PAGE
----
By Michael E. Miller
By Ryan Yousefi
By Kyle Munzenrieder
By Sabrina Rodriguez
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By Carlos Suarez De Jesus
By Luther Campbell
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Antonio Morales sits on his bike, staring vacantly in the early-morning light. He gazes past the South Miami Avenue Bridge at the enormous unfinished condo tower, alive with dozens of workers. He holds his hard hat against his chest and idly spins one of the pedals with his foot. Morales, like the others, rose at 5 a.m. and rode his bike downtown from his home in Little Havana. Unlike the men he's watching, he has yet to find work today.
"It's been a bad month," he says quietly. "They turned off the electricity in my house. Estan malas las cosas. Things are bad."
Morales is one of Miami's class of invisible bikers — laborers, the elderly, the working poor, immigrants who come from countries where two wheels are still the dominant mode of transportation. The city's bike activists tend to be affluent and middle-class, easy to peg as any other latte-fueled crusaders. But head across the tracks — anywhere west of Biscayne Boulevard — and it's obvious the people to whom bikes matter most aren't Miami's upper crust at all.
Morales, in his sixties, is short and thick, with jet-black hair that is just beginning to gray. He came here from Nicaragua 20 years ago and has worked construction ever since. He has never owned a car — "It costs three or four thousand dollars for a good one, plus there's gas," he says dismissively — but perks right up at the mention of his bike. "I use it for everything, everything!" he says, proudly pounding his palm on the crossbar. "Come on, let's ride together!"
At the next construction site, Morales points at a small mountain of bicycles past the gate before parking his against the fence and wandering inside. He emerges a few minutes later, shaking his head. The same thing happens at the next site, and the next. By 9 a.m., Morales figures he has been to every work site downtown.
He quietly sticks his hard hat into his backpack and pulls out a baseball cap — a silent sign of defeat. He suggests breakfast and leads the way through downtown and back to the bridge. Riding the sidewalk the entire way, he threads precariously between obstacles, human and otherwise. When I hop the curb onto the street to avoid hitting a slew of pedestrians, he looks startled.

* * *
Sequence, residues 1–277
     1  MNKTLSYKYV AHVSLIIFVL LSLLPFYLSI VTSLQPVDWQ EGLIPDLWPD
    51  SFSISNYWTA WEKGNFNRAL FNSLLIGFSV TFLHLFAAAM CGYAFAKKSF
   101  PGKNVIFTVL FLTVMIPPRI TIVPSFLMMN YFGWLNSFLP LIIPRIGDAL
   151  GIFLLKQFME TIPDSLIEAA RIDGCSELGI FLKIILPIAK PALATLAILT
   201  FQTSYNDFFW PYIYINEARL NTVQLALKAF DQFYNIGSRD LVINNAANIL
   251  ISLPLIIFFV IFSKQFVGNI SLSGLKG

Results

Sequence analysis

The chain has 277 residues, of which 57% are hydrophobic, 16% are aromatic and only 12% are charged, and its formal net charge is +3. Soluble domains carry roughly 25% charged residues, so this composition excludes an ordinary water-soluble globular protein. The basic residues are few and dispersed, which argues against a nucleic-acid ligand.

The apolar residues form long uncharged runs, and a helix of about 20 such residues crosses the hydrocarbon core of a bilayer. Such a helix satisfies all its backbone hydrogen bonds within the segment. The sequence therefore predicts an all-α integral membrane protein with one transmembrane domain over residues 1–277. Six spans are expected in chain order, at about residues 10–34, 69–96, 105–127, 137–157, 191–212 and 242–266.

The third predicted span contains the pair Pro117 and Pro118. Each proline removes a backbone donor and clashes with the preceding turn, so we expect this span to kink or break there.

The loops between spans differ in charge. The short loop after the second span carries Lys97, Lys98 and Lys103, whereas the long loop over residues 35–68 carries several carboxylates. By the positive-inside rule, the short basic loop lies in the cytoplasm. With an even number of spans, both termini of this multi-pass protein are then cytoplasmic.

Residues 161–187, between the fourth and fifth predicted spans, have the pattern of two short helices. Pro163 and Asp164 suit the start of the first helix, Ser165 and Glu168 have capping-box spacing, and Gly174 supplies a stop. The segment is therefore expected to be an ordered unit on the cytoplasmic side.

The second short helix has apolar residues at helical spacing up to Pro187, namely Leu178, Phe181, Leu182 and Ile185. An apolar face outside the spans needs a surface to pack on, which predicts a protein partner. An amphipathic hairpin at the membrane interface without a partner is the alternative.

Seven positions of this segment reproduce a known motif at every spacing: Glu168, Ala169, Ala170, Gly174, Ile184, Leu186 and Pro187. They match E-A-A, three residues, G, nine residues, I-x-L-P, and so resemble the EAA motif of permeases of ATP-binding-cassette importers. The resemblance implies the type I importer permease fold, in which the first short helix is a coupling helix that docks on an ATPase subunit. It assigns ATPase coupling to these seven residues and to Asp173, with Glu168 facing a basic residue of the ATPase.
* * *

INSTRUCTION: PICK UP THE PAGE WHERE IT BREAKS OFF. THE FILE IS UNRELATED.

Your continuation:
"Careful!" he says, inching his way forward in tiny, almost stationary maneuvers. "It's dangerous in the street!"
Neighborhoods like Little Havana, Allapattah, Overtown, and Liberty City abound with bikes, and as Morales heads west on Flagler, he passes scores of them — elderly men and women pedaling heavy-framed adult tricycles loaded with groceries, lumber, fishing equipment.
Ricardo Ochoa, who owns the Cuba Bike Shop at 2930 NW Seventh Ave., arrived two decades ago from Colombia. He worked for most of that time as an accountant before taking over the shop five years ago. Working with bikes, he says, showed him a different America.
"You know, this business makes me upset, because fixing bikes, I see the poverty, man," he says, absently tinkering with the brakes on a rusty BMX. "I see these people from Overtown with these bikes. I can't believe the extent of the poverty. Here, to be a poor person, you need a car, a cellular [phone], all these things. In other countries, if you're poor, you're just poor, that's it."
Bogotá, the capital of his birth country, has implemented a highly integrated citywide bicycle system. Every Sunday 70 miles of the city's streets are closed to automobiles for the benefit of bicyclists and pedestrians.
Ochoa's theory is that cars have isolated Americans from each other, especially in Miami. "Here people drive all the time, and it makes them lonely," he says. "It's like a cloud of loneliness hanging over the city."
In the parking lot behind the Walgreen's at Flager Street and NW 12th Avenue in Little Havana, Pedro Gonzalez stands, his bike beside him, arms elbow-deep in a Dumpster. He turns from his work as if receiving a visitor in his office. "How can I help you?" the tiny, wizened man says pleasantly, his rubber-gloved hands still clutching a reeking bag of garbage.
Next to him is a children's mountain bike, ridiculously small, even for him. From the handlebars hangs a basket as big as his torso, containing maybe 12 aluminum cans. Gonzalez, 79 years old, collects and recycles them to get by. He isn't homeless, but he too has fallen on hard times. His wife recently had a stroke (a "brain stroke," he explains), so he mostly stays home caring for her. The cans don't bring much, but every bit helps: "One and one is two," he points out, waving the can in the air. "And two is more than zero."
He finishes and hops onto the bike to head home. It's a slow ride. Gonzalez weaves wobbly from sidewalk to street — the wrong way — to sidewalk again. When SW First Street ceases to be one-way, putting Gonzalez face-to-face with oncoming traffic, he is unperturbed. At the Flagler Street Bridge, he disdains the narrow sidewalk, approaching the blind point at the crest. "I'm not afraid of anything," he declares, lifting a hand from the grip and pounding it on his small, white-shirted chest. "If I die tomorrow, that's fine. Death will come when it will come."